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Last updated on January 13th, 2023 at 01:52 pm
How To Fix The Bottom Of A Hollow Door That Is Cut Too Short
Were you trimming a hollow core door and realized too late that you cut it too short and cut the block out? Well, consider yourself lucky because I have an easy solution to your problem!
After making this annoying mistake myself while we were installing hollow core bifold doors into our guest room closet, I realized it takes only 4 simple steps to fix a door that accidentally had its block cut out.
To fix the bottom or side of a hollow core door that is cut too short, you need to:
- Clear out the excess cardboard and glue within the opening
- Cut a new door block out of MDF or wood
- Glue & clamp the new door block into the opening
- Caulk any gaps and paint the new block
Yes, it’s that simple! Although, I’ve always found pictures are more useful than words.
So let me show you exactly how we fixed our hollow core bifold door, in picture form, and saved ourselves $100 from not having to buy a brand new door!
Let’s dive on in!
Quick Navigation: How To Install A New Hollow Core Door Block
- Clear Out Cardboard & Glue In The Way
- Cut A New Door Block (Using MDF/Wood/Etc.)
- Glue The New Door Block Into Place
- Caulk Any Gaps & Paint
- Final Thoughts
- Related Door Articles
|Level Of Difficulty||Time To Complete|
|Material List||Tool List|
|Loctite Power Grab adhesive||Caulk gun|
Step One: Clear Out Cardboard & Glue In The Way
The first step to fixing a hollow core door that is too short is to clear out any remaining debris in the way.
If there is any remaining cardboard or glue within the opening of the door, then it needs to be removed so a new door block can slide in place.
To remove this extra material, we used a utility knife to slice away anything in the way.
It should only take a minute or two to do this part. Once all of the debris is cleared out, it’s time to move to the next step!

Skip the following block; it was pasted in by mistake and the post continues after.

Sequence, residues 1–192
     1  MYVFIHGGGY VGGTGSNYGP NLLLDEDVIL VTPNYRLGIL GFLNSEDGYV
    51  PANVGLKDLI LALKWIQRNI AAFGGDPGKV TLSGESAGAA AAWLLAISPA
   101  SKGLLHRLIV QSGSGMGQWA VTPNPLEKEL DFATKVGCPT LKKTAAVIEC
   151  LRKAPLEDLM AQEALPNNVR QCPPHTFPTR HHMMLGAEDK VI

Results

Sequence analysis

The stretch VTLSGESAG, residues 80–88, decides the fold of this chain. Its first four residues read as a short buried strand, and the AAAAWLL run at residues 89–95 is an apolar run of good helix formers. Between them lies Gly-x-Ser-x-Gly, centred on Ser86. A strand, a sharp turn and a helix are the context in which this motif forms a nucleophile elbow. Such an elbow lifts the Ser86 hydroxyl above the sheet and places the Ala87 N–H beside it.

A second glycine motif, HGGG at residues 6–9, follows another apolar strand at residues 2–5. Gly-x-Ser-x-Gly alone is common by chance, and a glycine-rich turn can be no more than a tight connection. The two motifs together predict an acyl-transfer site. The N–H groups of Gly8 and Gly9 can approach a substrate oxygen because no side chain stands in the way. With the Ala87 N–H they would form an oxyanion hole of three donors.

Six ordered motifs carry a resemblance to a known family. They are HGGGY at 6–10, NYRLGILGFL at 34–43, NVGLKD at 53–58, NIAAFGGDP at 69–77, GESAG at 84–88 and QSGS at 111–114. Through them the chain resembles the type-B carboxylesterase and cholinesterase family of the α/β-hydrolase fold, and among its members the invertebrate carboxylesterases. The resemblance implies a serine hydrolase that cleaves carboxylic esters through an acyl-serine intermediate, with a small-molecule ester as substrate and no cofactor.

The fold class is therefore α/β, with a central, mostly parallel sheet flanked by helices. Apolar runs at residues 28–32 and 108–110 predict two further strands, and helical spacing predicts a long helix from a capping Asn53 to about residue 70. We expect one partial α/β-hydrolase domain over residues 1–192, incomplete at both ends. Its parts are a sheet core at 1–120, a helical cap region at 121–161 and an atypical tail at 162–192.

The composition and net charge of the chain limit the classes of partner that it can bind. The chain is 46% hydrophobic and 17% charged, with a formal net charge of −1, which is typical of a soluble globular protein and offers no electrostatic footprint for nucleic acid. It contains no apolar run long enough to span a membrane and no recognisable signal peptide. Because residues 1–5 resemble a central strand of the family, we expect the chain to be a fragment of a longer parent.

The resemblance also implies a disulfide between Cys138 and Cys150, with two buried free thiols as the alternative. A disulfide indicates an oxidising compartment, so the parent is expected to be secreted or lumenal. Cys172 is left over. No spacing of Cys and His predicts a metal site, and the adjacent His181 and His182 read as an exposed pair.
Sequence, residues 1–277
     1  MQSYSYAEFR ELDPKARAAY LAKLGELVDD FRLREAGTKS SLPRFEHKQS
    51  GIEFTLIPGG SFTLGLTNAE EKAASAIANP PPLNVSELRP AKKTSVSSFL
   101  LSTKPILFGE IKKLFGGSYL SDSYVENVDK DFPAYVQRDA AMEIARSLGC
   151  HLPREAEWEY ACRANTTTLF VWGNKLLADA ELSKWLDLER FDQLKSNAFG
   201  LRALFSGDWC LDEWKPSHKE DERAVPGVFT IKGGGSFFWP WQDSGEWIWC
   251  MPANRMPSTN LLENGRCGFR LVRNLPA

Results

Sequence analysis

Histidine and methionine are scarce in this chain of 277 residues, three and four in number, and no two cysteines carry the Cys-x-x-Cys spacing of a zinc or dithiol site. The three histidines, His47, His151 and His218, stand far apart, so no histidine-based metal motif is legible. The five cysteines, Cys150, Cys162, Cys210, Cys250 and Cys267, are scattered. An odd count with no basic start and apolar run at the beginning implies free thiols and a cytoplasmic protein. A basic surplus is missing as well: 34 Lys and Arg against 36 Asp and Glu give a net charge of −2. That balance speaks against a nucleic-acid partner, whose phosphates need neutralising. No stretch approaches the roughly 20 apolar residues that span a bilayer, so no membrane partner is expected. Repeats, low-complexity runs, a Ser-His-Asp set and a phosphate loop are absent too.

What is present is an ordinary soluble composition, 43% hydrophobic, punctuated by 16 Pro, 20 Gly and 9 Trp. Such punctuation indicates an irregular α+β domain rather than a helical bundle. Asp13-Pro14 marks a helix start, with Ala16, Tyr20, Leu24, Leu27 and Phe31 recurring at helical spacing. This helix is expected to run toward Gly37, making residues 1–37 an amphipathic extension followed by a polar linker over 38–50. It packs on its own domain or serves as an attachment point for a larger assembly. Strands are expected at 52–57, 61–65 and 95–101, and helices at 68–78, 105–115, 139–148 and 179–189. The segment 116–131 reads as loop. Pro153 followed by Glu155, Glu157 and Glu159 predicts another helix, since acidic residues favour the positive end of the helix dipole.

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Step Two: Cut A New Door Block (Using Wood/MDF/etc.)
The next step to fixing a hollow core door that is too short is to cut a new door block.
The concept is simple. We are going to cut a new block out of MDF or wood or any other hard material to glue and shove back inside the door opening to support the door again.
Now, before you worry about what type of material you have on hand to cut, check out the piece of door block that you just accidentally cut off.
After the shock wore off that we messed up our cutting, I realized that the door block that we just cut out was thick enough to run through a table saw and slide back into the door.
And it was long enough because the piece was the entire length of the door.
So instead of rushing around trying to find a new piece of material to cut, we simply cut the existing door block down to size to reuse.
However, if your existing door block is ruined and can’t be used, then MDF or part of a 2×4 cut to size would work perfectly.
After you run whatever piece of material you want to use through a table saw to cut it down to size, I recommend sliding it into the opening to test the fit.
If the new door block is too thick and is causing the door to bulge out, then you’ll want to shave a little more off with your table saw. A bulge will put too much stress on the door and potentially cause it to have issues in the future.
On the other hand, if the new door block is too thin, then it could eventually fall out because one side won’t be able to be glued into place.
The goal is to achieve a snug, but not bulging, fit into the opening of the door.